Introduction of a UK - wide digital waste tracking system: partial business regulatory impact assessment

A business and regulatory impact assessment (BRIA) to assess the impact on Scotland of proposals to implement a UK-wide mandatory waste tracking system. This accompanies a UK-wide consultation on these proposals, available here:

2. Purpose and intended effect

2.1 Background

4. Scotland is committed to building a circular economy, meaning we reduce demand for raw materials by keeping resources in use for as long as possible, extract maximum value from them, minimise waste and encouraging reuse, repair and recycling, to ensure products last as long as possible. To do this we must ensure we have the information about what waste is being produced and where it ends up. Around 11.5 million tonnes of waste is produced in Scotland each year[1], but there is currently no single or comprehensive system to track it.

5. The Scottish Government also wants to support and make the system fairer for those operating legally. At present waste tracking is carried out using largely paper-based record-keeping, making it very difficult to track waste effectively. Waste can be fraudulently reclassified and transferred, or simply be illegally dumped, at which point the paper trail disappears. This makes it difficult to identify and deal with waste crime ranging from fly tipping and deliberate misclassification to illegal waste exports and the operation of illegal waste sites.

6. In order to meet Circular Economy commitments, the Scottish Government and the Scottish Environment Protection Agency (SEPA) have been working with the other UK administrations and regulators to develop and introduce a waste tracking system for hazardous waste[2]. Separately, Persistent Organic Pollutants (POPs) legislation has been introduced to mandate the tracking of POPs waste[3]. In addition, In our Circular Economy Strategy[4], the Scottish Government committed to move towards mandatory use of the electronic “EDOC‟ system for waste in Scotland. This policy proposes to supersede the circular economy commitments and the proposals made in the POPs legislation, to introduce a mandatory waste tracking system for all waste.

7. Development of a mandatory waste tracking system in the UK will also help to meet regulatory requirements under the persistent Organic Pollutants Regulations[5]. as well as delivering on recommendations from the National Infrastructure Assessment[6], and the Life Smart Waste project led by SEPA[7].

2.2 Regulatory background

8. Currently in Scotland, and the rest of the UK, there is no comprehensive service for ‘tracking’ waste transactions. Multiple IT services collect specific elements of waste data, but large amounts of data are either not collected, or not collated centrally. The overall picture is of a fragmented set of services that do not ‘talk’ to each other.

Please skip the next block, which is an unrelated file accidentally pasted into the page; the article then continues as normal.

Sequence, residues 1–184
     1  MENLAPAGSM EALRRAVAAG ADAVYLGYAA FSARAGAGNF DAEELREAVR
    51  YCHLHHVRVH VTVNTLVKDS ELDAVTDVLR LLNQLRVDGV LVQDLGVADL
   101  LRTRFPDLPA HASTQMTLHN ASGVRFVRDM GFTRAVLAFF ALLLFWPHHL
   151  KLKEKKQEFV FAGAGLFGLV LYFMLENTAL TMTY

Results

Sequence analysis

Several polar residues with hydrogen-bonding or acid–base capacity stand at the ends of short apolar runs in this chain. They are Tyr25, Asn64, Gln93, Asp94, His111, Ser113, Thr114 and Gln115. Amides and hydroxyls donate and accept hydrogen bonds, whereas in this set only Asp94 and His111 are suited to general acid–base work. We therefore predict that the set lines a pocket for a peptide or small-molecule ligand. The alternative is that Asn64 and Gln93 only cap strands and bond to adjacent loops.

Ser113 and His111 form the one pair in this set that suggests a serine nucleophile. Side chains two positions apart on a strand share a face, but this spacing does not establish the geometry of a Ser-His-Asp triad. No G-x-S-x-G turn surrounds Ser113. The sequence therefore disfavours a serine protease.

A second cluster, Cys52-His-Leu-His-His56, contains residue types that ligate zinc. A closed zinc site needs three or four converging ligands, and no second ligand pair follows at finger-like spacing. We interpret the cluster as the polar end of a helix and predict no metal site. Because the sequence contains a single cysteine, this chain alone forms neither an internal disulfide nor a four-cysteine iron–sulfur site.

9. Legal requirements are focussed on having a written description of the waste that should be transferred along the supply chain when the waste is passed from one holder to another. Handwritten or digital waste descriptions of the wastes composition and details of the waste transaction must be accurate and contain all the information the holder is reasonably in a position to provide to ensure the lawful and safe handling, transport, treatment, recovery or disposal of the waste by subsequent holders.

10. Those receiving waste must ensure that the waste matches the written description and that any permit[8], if applicable, allows the acceptance of such waste. Those operating under a waste exemption must ensure that any waste received does not contravene the exemption[9] criteria e.g. waste limits or types.

11. The specific legal requirements for the information that must be recorded when waste is moved or transferred differ depending on the type of waste being handled and how the waste is transferred/moved.

  • Non-hazardous waste - waste that does not display properties that would classify it as hazardous waste
  • Hazardous waste – waste that displays specified properties that might make it more harmful to human health or the environment if not managed appropriately
  • “Green List” waste movements - includes types of waste that are considered to pose a low risk to the environment when shipped to EU/OECD and some non-OECD countries for recycling or recovery.

12. It is estimated that each year there are at least 2.1m (see Table 1) and 26m notes recording waste movements/transfers being issued each year in the UK[10]. The 26m estimation counts season tickets as one note, but these could represent many hundreds of movements each year. Recent estimates suggest that there are around 500 million waste transactions each year in the UK[11].

Table 1 – Number of waste transfers and movement notes issued annually in Scotland (estimated [12])
Waste type Notes
Non-hazardous waste 2m waste transfer notes[13]
Hazardous waste 78,500 consignment notes[14]
Green list waste 29,000 Annex VII notes
Total 2.1m notes

Non-hazardous waste

13. Legislation[15] states that when non-hazardous waste is transferred from one holder to another, an agreed written description of the waste should also be transferred. This is known as a ‘waste transfer note’ and should include the waste description and code, information about how the waste is contained, details of the parties involved in the transfer, as well as other information specified in the ‘ Duty of Care Code of Practice’[16].